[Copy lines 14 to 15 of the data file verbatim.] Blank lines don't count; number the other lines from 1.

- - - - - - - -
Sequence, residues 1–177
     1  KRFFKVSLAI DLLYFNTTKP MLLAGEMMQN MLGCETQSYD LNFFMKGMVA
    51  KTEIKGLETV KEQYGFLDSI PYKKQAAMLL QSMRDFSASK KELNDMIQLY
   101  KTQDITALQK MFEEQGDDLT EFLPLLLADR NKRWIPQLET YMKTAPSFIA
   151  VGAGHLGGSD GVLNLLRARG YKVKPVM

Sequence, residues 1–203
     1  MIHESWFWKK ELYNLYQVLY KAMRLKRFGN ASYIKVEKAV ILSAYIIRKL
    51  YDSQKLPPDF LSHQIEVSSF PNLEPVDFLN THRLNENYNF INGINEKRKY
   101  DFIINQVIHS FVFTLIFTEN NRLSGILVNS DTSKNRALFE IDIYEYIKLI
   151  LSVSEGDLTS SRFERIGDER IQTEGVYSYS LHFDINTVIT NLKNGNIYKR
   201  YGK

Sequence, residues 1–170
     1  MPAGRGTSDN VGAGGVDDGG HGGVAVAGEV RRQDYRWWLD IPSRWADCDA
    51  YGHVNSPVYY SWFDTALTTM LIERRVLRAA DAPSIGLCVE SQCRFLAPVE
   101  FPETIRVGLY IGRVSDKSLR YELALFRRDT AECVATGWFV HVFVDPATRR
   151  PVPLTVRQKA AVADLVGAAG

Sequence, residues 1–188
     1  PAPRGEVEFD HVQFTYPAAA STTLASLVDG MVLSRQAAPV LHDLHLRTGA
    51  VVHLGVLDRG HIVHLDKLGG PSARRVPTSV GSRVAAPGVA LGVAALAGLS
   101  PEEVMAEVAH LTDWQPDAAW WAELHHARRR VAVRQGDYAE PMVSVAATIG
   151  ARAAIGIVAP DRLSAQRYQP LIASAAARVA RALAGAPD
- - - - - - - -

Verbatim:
    51  YGHVNSPVYY SWFDTALTTM LIERRVLRAA DAPSIGLCVE SQCRFLAPVE
   101  FPETIRVGLY IGRVSDKSLR YELALFRRDT AECVATGWFV HVFVDPATRR